On board with solar trams

Renewable energy has been used to offset 200,000 tonnes of carbon emissions from the tram network, giving Melburnians a clean energy travel option as they return to public transport.

Under the Solar Trams Initiative, the Victorian Government purchases and surrenders about 82,000 MWh in large-scale generation certificates each year from Bannerton Solar Park near Robinvale and Numurkah Solar Farm near Shepparton, matching the electricity consumption of Melbourne's entire tram network.

This means the world's largest tram network is also totally offset by clean energy, thanks to a partnership between Yarra Trams, the Department of  Environment, Land, Water and Planning, and the Department of Transport.

In another clean energy project for our public transport network, 16 metropolitan train stations are now fitted with solar panels, avoiding 375 tonnes of carbon emissions each year.

The government is also investing $20 million in a trial to investigate technologies to transition Victoria’s bus fleet to zero emission vehicles.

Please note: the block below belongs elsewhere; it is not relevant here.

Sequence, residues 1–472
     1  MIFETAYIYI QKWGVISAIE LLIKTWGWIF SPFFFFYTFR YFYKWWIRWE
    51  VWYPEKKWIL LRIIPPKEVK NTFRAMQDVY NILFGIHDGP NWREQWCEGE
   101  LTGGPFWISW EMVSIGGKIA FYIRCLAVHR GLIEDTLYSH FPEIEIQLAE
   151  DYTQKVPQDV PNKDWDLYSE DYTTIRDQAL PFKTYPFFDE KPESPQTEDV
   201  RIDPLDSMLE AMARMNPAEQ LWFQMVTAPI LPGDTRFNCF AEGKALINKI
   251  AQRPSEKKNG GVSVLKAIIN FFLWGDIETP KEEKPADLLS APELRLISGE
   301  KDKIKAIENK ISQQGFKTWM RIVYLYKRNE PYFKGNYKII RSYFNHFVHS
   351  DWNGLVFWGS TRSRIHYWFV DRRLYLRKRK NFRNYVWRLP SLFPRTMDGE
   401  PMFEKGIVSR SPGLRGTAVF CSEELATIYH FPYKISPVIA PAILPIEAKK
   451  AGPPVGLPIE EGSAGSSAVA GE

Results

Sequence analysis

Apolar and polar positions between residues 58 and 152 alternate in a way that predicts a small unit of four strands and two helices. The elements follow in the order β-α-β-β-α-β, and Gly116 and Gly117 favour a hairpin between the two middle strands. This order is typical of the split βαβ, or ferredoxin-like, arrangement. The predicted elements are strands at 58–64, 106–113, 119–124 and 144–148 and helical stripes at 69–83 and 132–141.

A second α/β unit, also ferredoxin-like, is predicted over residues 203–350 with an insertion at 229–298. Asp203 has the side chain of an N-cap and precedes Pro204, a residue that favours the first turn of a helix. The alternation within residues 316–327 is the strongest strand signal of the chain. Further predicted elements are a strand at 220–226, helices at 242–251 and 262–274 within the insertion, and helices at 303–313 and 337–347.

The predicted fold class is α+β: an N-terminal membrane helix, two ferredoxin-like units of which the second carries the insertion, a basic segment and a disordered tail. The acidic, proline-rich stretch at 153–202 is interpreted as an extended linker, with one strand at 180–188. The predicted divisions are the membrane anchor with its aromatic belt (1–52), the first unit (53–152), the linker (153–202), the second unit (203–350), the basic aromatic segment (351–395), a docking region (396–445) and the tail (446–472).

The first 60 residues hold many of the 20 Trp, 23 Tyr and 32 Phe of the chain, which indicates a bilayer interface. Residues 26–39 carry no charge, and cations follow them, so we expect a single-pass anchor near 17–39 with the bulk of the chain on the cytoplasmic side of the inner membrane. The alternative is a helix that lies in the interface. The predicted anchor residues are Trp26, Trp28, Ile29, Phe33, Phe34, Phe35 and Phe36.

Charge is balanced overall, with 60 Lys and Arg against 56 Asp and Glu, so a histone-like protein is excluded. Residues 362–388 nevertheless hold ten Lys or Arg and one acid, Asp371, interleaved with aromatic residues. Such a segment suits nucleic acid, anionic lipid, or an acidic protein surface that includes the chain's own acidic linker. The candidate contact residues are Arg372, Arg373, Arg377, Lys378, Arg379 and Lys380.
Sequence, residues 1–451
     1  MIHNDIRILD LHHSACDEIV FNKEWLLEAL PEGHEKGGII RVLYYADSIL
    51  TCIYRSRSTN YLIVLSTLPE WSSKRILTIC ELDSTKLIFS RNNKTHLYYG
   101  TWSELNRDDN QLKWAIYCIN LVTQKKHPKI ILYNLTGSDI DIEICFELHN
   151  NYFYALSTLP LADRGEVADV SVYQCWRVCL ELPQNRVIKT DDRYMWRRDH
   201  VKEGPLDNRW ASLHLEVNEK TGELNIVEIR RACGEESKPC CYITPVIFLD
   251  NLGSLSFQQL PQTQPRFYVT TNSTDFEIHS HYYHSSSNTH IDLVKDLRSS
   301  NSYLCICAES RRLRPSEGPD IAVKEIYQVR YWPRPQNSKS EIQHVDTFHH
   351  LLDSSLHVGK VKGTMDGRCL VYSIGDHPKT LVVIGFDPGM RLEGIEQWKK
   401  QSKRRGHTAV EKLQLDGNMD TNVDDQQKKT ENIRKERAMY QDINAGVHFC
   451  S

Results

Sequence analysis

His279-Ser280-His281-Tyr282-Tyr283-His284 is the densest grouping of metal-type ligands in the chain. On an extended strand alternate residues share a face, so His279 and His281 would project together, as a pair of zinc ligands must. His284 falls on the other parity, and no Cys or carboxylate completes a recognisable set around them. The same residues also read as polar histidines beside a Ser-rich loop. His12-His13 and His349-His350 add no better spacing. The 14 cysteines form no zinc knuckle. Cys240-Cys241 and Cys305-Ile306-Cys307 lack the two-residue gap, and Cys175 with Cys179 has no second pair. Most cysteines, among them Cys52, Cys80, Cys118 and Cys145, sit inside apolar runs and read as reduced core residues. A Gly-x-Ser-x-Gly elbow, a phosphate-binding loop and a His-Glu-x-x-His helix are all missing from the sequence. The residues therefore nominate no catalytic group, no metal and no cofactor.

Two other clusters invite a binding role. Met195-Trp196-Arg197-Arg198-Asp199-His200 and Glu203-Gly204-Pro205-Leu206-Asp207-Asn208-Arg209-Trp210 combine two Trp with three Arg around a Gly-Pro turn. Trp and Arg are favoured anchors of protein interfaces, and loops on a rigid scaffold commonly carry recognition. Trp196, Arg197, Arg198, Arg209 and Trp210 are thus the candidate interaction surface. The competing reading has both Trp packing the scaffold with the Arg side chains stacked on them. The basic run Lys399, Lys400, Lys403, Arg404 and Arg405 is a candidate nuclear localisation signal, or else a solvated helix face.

After a trial on Route 246 between Elsternwick and Clifton Hill, the electric bus is now running on Route 251 between the city and Northland Shopping Centre, clocking up more than 32,900 kilometres and travelling nearly 1,000 kilometres on just two charges, demonstrating the efficiency and range of its 324 kW Lithium Phosphate batteries.

During its first 300 days on the road, the Victorian-built electric bus saved 61 tonnes of carbon dioxide emissions. 

This is equivalent to over 30,000 kilos of coal burned, or over 23,000 kilometres driven by an average car. It could power 10.4 houses for a year, or charge over 7 million smart phones.